The assessors, moreover, acted in the utmost good faith in fixing the assessment on the relator's property. They assessed the property at a sum $142,307 less than the cost of reproduction of the property minus depreciation, and the land value, which the courts had prescribed as the proper method for the valuation of railroad property. The reasons for this reduction have not been vouchsafed to us. Some reduction, however, was voluntarily made, although it was not sufficient in view of the catastrophic decline in general economic values.

There was nothing arbitrary, fraudulent or intentionally discriminating in the conduct of the assessors. They were required to reach a decision on the value of the relator's property without the benefit of an authoritative expression of the Court of Appeals on the correct rule of valuation applicable to a railroad that was not making a return on its investment. The dictum in People ex rel. Delaware, L. W.R.R. Co. v. Clapp ( supra), that a railroad might not under all conditions be worth what it would cost to reproduce it, less a certain amount for depreciation, had at the time of the assessment here been construed by several lower courts as a command to the assessors to take the earnings and income of the railroad into account in reaching an assessment, but the Court of Appeals had not been given an opportunity to pass on this issue directly and to formulate a rule to meet the exigencies of the economic depression. In the face of this uncertainty in the law, the omission of what we may consider an important and relevant element in fixing the assessed valuation of the relator's property does not assume the significance it might otherwise have on a question of this kind where the guide posts established by the law are more clearly marked.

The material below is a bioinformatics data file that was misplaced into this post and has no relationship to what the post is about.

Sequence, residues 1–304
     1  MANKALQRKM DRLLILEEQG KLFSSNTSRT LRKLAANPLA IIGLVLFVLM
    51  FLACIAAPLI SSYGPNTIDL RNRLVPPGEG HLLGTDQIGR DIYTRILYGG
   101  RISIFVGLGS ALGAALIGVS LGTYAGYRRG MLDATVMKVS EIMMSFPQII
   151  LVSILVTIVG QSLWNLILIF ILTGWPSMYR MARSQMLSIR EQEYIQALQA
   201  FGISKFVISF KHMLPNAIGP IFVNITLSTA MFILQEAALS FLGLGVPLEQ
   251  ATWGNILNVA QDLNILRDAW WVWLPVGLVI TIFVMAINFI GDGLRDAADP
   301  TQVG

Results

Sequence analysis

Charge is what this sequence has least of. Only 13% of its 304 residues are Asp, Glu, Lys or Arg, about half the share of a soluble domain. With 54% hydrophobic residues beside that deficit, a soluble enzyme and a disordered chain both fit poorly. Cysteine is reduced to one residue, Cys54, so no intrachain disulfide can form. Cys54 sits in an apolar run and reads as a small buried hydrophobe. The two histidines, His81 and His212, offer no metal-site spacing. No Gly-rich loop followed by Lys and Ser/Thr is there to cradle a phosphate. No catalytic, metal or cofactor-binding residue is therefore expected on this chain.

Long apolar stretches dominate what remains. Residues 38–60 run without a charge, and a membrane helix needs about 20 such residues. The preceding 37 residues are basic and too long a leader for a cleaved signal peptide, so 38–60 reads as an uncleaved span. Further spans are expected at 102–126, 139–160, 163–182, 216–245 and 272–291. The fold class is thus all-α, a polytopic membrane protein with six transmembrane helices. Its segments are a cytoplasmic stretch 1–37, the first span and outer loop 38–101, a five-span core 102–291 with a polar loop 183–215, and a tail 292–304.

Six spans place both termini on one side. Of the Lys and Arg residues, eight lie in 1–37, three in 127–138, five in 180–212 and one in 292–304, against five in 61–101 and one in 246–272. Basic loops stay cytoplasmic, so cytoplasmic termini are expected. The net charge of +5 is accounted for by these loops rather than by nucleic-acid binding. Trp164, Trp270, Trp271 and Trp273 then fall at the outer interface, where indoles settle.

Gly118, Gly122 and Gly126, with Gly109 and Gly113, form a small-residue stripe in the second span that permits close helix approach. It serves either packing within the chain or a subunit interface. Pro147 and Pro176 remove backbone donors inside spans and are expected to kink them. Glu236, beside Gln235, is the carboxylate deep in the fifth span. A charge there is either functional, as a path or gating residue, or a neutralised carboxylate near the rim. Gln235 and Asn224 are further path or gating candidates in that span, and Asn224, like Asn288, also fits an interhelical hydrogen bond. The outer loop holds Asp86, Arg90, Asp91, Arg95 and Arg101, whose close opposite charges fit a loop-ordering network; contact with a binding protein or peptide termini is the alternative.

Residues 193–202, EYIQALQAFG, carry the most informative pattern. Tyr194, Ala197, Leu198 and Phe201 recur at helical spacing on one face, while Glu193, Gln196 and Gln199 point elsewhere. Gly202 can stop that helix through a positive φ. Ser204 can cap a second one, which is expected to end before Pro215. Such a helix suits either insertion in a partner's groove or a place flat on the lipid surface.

I do not regard the argument of relator, that it is entitled to costs because it failed to obtain one-half of the reduction claimed by only $2,400, as decisive. The discretion contemplated by the statute rests upon something more than a mathematical calculation.

The denial of costs to the relator does not prejudice in the slightest degree the right of the referee and the stenographer to compensation for the services rendered to the parties to this proceeding. The relator and the respondents are, of course, jointly liable for the fees of the referee and the stenographer. The law is well settled that, in the absence of contract or stipulation, the parties are jointly liable for the services performed by a referee selected by them and by a stenographer. ( Bottome v. Neeley, 124 A.D. 600, 603; Finch v. Wells, 66 Misc. 384.) The stipulation, which was agreed upon by the attorneys for the respective parties and which was entered in the minutes of this proceeding, provided that the referee's fee should be fixed at $100 a day and that the stenographer's fees should be added to the referee's fee as an expense. There is nothing in the stipulation which alters this general liability resting on both litigants.

The report of the referee is confirmed and his findings of fact and conclusions of law are adopted as the findings and conclusions of this court. No costs are awarded against the town of Riga.

Let order enter accordingly.

Summaries of

People ex Rel. N.Y.C.R.R. Co. v. Griffin

Supreme Court, Monroe County
Jun 27, 1939
174 Misc. 28 (N.Y. Sup. Ct. 1939)
Case details for

People ex Rel. N.Y.C.R.R. Co. v. Griffin

Case Details


Court:Supreme Court, Monroe County

Date published: Jun 27, 1939


174 Misc. 28 (N.Y. Sup. Ct. 1939)
19 N.Y.S.2d 914

Citing Cases

Chicago, R.I. P. Ry. Co. v. McCulley

Before the Rock Island Company can be held liable to plaintiff, it must appear that it was under some legal…

Zion v. Southern Pac. Co.

In the following cases judgments were held to be excessive: (1) For sums of $500 and under: Railroad Co. v.…